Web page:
This is an attractive 1814 map of the state of Kentucky by Matthew Carey. It covers the entire state noting counties and region in outline color. The map also notes rivers, creeks, towns, roads, mountains and a host of additional geographical features. The map was engraved by Enoch G. Gridley and issued as plate no. 21 in the 1814 edition of Carey's General Atlas. The 1814 edition of the atlas was the first atlas made in the United States to use standard color on maps.
Mathew Carey (1760 - 1839) was a Dublin born publisher who established himself in Philadelphia in the late 18th and early 19th century. A young man of socially progressive views, Carey's first known publication, produced when he was but 17 years old, was a pamphlet criticizing dueling. Another pamphlet, issued in the same year, attacked the Irish penal code. Shortly afterwards, in 1779, legal issues, possibly arising from his liberal political activism, forced Carey to flee to Paris. In Paris, Carey had the good fortune to befriend the visiting American diplomat and founding father, Benjamin Franklin. As an Irishman chafing under the rule of England, Carey sympathized with and admired the American revolutionary. The liberally minded pair struck up a lifelong friendship and Carey was hired to work at Franklin's press in Passy, France. A year later, Carey returned to Ireland and resumed his politically provocative publishing career with The Freemans's Journal and The Volunteer's Journal. It didn't take long for political pressure to once again force Carey from Ireland - this time to America (1784). Although largely without funds, Carey convinced the Marquis de Lafayette, who he knew from Franklin's Paris circle, to lend him funds to establish a new publishing concern in Philadelphia. Despite this loan, Carey's firm remained under financed and opened on a shoestring budget. It was most likely his limited budget that led Carey to some of his most important publishing innovations. At the time cartographic publishing was dominated by large printing houses in London and Paris where most, if not all, of the work was completed in house. Without the finances to emulate this large publishing houses, Carey was forced to outsource much of his publishing work. This set the stage for subsequent American publishers who, in order to compete effectively with European firms, relied on an often bewildering network of alliances and collaborations. Carey was a also a master of republishing many of his own maps in multiple different atlases and formats to maximize their profitability. His most important work is without a doubt the 1795 issue of the American Atlas the first atlas to be published in America. Carey died in 1839 but was succeeded by his son Henry Charles Carey who, in partnership with his brother-in-law Isaac Lea, published numerous important maps and atlases under the Carey and Lea, Lea Brothers, and Lea and Blanchard imprints.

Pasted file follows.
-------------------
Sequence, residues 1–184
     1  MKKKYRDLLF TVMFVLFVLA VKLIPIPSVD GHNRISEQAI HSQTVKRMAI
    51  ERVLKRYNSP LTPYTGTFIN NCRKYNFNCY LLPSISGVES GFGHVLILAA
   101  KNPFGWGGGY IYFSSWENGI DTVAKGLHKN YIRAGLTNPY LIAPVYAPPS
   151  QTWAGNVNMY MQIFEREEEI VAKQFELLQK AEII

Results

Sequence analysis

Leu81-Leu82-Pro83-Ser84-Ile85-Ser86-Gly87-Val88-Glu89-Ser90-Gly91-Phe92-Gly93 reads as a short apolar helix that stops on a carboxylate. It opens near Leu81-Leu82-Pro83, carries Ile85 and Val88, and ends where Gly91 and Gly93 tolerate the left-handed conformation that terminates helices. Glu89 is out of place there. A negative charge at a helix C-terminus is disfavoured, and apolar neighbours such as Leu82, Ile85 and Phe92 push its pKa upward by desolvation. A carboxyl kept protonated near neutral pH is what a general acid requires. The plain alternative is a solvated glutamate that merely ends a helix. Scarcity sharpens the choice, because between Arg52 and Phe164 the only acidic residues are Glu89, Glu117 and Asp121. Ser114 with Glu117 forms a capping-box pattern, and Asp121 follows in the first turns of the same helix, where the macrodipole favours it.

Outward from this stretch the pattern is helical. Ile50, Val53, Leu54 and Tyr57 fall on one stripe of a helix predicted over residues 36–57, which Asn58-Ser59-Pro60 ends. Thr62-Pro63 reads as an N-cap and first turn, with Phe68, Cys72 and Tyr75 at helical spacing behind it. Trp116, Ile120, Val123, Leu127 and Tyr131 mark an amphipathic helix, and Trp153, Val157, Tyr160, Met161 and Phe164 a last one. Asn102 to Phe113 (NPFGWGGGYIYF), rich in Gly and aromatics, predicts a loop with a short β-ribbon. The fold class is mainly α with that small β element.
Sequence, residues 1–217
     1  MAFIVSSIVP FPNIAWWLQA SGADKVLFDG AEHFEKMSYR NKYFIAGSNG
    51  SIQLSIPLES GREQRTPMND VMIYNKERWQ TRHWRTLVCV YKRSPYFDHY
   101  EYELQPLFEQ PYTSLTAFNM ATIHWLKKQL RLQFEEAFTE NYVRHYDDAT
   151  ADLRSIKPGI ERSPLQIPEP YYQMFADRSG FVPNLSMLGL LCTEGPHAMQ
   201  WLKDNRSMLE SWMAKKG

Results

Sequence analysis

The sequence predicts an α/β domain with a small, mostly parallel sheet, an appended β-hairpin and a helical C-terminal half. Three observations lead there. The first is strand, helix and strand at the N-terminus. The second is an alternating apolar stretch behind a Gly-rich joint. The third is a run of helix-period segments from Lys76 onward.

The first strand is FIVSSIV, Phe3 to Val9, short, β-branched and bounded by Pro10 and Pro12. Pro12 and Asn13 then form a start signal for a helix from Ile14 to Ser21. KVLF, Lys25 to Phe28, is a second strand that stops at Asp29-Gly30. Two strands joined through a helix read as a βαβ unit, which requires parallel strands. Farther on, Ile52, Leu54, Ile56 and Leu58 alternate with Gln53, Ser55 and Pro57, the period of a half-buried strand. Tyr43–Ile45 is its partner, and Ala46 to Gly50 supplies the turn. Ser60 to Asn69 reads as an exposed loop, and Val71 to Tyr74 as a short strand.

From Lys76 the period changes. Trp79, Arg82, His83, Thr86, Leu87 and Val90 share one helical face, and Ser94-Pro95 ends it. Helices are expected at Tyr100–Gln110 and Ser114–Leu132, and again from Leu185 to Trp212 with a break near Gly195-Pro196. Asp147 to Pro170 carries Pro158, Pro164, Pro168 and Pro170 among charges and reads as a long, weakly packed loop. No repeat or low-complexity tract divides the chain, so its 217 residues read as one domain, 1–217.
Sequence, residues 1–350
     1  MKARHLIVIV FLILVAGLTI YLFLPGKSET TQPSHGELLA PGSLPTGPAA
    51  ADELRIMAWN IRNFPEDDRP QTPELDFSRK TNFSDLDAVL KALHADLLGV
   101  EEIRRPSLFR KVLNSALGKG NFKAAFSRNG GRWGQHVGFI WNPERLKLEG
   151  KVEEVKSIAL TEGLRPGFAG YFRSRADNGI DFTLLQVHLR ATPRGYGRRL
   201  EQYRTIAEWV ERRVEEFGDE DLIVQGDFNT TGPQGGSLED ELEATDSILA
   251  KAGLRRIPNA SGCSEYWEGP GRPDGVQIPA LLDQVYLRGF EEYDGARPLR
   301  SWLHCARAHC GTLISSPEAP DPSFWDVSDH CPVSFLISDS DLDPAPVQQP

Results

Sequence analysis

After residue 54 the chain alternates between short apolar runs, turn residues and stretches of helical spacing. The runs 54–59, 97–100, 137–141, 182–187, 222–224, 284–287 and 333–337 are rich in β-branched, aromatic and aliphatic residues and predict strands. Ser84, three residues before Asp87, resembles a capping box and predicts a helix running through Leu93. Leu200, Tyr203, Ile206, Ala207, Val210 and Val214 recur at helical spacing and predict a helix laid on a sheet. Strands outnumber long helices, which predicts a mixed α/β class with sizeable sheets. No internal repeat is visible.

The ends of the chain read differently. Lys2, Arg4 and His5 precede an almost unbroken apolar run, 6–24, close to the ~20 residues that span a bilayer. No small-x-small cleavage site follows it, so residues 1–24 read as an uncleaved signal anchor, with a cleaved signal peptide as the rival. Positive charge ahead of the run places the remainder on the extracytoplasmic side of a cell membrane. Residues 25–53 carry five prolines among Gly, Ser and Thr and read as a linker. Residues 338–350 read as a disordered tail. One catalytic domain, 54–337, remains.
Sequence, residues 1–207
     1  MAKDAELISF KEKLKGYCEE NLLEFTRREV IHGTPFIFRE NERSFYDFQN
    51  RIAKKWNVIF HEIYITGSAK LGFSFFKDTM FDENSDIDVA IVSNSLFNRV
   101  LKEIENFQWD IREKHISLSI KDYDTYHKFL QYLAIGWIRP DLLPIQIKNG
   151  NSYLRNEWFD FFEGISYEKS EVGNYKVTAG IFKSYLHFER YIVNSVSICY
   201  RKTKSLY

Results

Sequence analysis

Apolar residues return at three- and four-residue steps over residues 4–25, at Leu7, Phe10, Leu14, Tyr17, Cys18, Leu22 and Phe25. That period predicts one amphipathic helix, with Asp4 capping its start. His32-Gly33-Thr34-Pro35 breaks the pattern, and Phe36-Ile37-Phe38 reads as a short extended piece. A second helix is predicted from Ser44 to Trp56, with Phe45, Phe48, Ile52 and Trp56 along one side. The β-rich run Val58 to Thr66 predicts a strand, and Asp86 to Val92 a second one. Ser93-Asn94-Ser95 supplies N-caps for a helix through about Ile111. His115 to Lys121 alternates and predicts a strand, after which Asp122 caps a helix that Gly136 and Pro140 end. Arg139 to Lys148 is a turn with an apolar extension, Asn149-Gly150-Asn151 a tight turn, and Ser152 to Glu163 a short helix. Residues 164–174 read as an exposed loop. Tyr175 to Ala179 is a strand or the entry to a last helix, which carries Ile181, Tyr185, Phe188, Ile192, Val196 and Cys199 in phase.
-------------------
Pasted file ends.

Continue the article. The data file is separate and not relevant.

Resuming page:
Carey, M., Carey's General Atlas, (Philadelphia) 1814.
Very good. Overall toning and some spotting at places. Minor wear along original centerfold. Professionally flattened and backed with archival tissue.
Rumsey 4577.021. Phillips (Atlases) 722, 1372.